The leading theory behind the formation of the moon posited the previous existence of a planet called Theia. Around the size of Mars, the giant impactor crashed into the recently formed Earth.
The violence of the collision hurled material from both celestial bodies into space. Some of the molten mass fell back on Earth, which by then had swallowed up the much smaller and lighter Theia. Others entered orbit around Earth and came together to form the moon.
Though Theia was long gone, it delivered very important materials to Earth. Rice University researchers theorized that most of the carbon, nitrogen, and sulfur found on our planet came from Theia.
These chemicals are important raw ingredients in the formation of organic life as we know it. Without them, Earth would be a lifeless ball of rock. (Related: Chinese officials recently announced plans to build an artificial moon, which will be 8x brighter than our natural satellite.)
Rice researcher Rajdeep Dasgupta helped write the paper detailing the results of his team's experiment. He explained that rocky planets will have a higher chance of getting elements essential to the formation of organic life if they were produced by giant impacts with other planets.
For best results, the giant impactor would have formed in another part of the protoplanetary disk surrounding a newborn star. The elements that made up the impactor would be different from the rocky planet that it collided with.
Three of the most important ingredients for organic life are carbon, nitrogen, and sulfur. These are volatile elements with low boiling points. It was very easy for a newly formed planet or moon to lose most of its supply of such volatile elements due to high temperatures and other factors.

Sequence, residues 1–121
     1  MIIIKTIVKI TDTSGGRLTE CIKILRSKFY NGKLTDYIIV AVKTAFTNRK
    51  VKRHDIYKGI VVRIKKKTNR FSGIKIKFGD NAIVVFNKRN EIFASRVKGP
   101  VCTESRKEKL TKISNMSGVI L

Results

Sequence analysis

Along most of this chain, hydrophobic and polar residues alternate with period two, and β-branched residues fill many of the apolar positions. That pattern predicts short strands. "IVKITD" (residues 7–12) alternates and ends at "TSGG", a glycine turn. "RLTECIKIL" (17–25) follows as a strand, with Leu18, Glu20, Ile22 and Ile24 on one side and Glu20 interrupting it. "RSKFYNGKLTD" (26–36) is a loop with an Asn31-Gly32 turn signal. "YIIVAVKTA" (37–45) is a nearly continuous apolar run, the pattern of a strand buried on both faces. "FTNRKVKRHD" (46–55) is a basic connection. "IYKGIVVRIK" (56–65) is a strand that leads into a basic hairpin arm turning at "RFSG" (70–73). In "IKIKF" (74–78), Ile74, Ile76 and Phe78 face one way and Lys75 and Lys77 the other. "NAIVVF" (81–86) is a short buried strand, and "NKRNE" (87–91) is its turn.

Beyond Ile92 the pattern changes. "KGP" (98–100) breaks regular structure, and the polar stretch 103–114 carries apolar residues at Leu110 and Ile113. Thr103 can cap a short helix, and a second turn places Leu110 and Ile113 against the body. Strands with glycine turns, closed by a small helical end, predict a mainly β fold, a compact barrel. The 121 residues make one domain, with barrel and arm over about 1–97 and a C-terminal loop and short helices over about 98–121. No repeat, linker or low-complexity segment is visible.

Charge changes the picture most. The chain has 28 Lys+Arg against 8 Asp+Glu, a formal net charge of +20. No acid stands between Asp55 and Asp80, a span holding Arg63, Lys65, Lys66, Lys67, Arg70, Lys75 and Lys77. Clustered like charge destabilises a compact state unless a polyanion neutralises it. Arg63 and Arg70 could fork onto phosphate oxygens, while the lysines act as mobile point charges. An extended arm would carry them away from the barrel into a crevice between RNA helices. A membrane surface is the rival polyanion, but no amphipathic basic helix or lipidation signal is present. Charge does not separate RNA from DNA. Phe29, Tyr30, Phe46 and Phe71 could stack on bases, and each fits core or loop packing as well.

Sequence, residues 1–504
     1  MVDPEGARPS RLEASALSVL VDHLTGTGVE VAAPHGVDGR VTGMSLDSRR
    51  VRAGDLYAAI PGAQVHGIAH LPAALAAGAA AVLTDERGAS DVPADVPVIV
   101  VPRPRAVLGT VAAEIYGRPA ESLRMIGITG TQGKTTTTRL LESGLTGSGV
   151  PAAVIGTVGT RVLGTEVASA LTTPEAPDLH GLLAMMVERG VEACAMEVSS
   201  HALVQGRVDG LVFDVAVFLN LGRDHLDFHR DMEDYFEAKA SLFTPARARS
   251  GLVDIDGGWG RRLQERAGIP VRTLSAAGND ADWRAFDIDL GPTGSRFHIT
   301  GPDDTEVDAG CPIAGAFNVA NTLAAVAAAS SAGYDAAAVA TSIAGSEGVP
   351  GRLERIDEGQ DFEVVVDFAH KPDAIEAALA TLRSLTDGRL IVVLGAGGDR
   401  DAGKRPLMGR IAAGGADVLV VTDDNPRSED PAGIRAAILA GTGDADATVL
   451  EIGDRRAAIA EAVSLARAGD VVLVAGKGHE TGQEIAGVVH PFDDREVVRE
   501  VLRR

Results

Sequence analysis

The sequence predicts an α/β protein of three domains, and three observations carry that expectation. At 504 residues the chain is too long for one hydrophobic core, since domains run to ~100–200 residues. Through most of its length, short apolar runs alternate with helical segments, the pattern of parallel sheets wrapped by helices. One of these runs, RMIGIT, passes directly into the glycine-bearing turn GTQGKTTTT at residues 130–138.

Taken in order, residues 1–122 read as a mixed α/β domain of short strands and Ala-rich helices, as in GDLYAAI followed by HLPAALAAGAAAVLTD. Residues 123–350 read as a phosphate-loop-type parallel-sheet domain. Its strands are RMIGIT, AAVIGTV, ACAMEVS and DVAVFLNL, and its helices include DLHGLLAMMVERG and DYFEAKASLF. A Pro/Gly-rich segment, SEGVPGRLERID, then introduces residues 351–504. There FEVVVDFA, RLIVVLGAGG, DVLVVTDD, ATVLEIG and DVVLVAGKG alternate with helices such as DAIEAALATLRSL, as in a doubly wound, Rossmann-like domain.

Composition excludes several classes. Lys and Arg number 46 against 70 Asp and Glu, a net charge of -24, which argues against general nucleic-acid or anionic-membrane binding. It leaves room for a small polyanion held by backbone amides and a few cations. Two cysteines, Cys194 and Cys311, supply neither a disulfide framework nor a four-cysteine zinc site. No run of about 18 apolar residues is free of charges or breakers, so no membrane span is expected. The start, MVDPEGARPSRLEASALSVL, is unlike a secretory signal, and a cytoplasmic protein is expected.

"From the study of primitive meteorites, scientists have long known that Earth and other rocky planets in the inner solar system are volatile-depleted," explained Dasgupta. "But the timing and mechanism of volatile delivery has been hotly debated. Ours is the first scenario that can explain the timing and delivery in a way that is consistent with all of the geochemical evidence."
The Rice research team simulated the high temperatures and pressures during the time when a young planet formed its core. By adjusting the amount of sulfur in the mix, they could control the amount of carbon and nitrogen that got added into the hypothetical core until it matched those of Earth. They also ran more than a billion different computer simulations of the scenario.
The results of their experiment indicated that Earth got its life-supporting mix of volatile elements from a giant impactor that was around the size of Mars, contained plenty of volatile elements – including lots of sulfur in its core – and hit the planet hard enough to form a moon. The results match the current theories about the size and composition of Theia.
The findings will make it easier for researchers to determine if a moon or planet is capable of supporting organic life.
"This removes some boundary conditions," Dasgupta explained. "It shows that life-essential volatiles can arrive at the surface layers of a planet, even if they were produced on planetary bodies that underwent core formation under very different conditions."